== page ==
Originally written on Midwest Sports Fans  |  Last updated 9/29/14

The midnight premiere of The Dark Rises is tonight, which means Christopher Nolan’s Batman trilogy comes to an end.

He has changed the way superhero movies are presented, and this will continue next year when Man of Steel (Superman) premieres.

In honor of the premiere I have decided to make a list of the five most memorable aspects from the second film in Nolan’s trilogy, The Dark Knight.

It was one of the top films of 2008 and will always be remembered as one Heath Ledger’s last and best performances.

The film was filled with complex characters and themes, which makes it much more than an average superhero movie.

5. Character Development of Harvey Dent

Aaron Eckhart had the task of portraying a classic character from the Batman universe and did it to perfection.

Harvey Dent, later “Two-Face,” starts out as a man who is trying to rid Gotham City of crime and corruption essentially on his own. As DA, he attempts to arrest the majority of the mobsters in Gotham while putting his life in danger.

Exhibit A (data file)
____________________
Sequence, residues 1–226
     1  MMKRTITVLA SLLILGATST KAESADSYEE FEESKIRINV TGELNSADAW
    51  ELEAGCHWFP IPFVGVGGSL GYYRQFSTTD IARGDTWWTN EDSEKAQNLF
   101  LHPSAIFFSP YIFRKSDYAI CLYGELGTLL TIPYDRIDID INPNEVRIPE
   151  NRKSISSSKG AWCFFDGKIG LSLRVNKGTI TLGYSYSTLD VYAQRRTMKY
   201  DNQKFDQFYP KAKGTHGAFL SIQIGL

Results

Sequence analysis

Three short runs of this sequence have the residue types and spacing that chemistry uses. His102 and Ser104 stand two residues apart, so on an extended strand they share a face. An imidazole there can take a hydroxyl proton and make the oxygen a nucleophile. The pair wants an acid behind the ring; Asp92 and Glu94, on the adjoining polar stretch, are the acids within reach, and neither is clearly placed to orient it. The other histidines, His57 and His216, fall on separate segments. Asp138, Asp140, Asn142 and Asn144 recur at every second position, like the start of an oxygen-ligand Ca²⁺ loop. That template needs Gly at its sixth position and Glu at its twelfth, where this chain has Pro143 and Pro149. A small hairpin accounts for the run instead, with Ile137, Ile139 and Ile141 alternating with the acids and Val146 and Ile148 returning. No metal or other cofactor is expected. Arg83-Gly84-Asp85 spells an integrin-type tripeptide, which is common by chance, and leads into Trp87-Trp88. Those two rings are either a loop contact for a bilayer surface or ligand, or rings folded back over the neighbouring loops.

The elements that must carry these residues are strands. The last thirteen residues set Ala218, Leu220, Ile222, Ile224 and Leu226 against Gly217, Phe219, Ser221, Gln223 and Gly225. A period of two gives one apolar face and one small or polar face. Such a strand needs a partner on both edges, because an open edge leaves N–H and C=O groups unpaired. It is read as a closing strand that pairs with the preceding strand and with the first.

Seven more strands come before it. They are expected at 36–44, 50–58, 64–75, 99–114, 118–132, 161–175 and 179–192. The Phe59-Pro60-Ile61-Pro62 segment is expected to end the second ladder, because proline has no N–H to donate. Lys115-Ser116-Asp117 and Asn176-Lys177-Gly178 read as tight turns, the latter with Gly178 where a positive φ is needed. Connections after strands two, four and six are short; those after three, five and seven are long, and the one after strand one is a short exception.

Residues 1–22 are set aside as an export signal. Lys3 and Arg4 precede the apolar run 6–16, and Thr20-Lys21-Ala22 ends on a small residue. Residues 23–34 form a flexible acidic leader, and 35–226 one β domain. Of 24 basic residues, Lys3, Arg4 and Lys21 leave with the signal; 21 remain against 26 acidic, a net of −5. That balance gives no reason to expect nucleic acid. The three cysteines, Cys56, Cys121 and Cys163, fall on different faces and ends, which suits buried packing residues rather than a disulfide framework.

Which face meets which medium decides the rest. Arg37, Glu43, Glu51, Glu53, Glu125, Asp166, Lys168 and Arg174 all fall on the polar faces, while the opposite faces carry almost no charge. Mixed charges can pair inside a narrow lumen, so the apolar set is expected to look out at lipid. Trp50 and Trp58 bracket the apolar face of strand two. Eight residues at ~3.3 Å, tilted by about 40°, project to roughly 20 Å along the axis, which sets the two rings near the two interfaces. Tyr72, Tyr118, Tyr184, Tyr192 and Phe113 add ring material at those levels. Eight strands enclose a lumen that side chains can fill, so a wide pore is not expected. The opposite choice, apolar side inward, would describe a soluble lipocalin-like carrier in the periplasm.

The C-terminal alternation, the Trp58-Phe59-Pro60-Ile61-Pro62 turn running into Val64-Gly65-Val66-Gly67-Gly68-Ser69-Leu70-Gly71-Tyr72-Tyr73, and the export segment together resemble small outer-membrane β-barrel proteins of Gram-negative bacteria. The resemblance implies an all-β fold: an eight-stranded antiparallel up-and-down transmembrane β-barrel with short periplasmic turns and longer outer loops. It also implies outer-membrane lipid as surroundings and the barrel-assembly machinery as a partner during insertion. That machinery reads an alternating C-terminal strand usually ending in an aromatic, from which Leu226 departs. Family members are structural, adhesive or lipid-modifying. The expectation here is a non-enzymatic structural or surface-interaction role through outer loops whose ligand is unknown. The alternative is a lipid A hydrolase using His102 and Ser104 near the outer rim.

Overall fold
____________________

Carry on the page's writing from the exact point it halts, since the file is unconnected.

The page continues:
He begins as a hero in the eyes of the public, but there is just too much corruption to handle. This proves to be true when cops betray Harvey and Rachel Dawes by taking them to separate locations tied to oil drums, which leads to the death of Rachel and the disfigured face of Harvey.

This event leads to Harvey’s villainous turn and is evident when The Joker meets up with him in the hospital.

 

Through the use of clever dialogue, Nolan has The Joker explain his true intentions to Harvey. This meeting ultimately leads to Harvey seeking revenge against everyone who had ever wronged him. This includes the mob, Gordon, and Batman.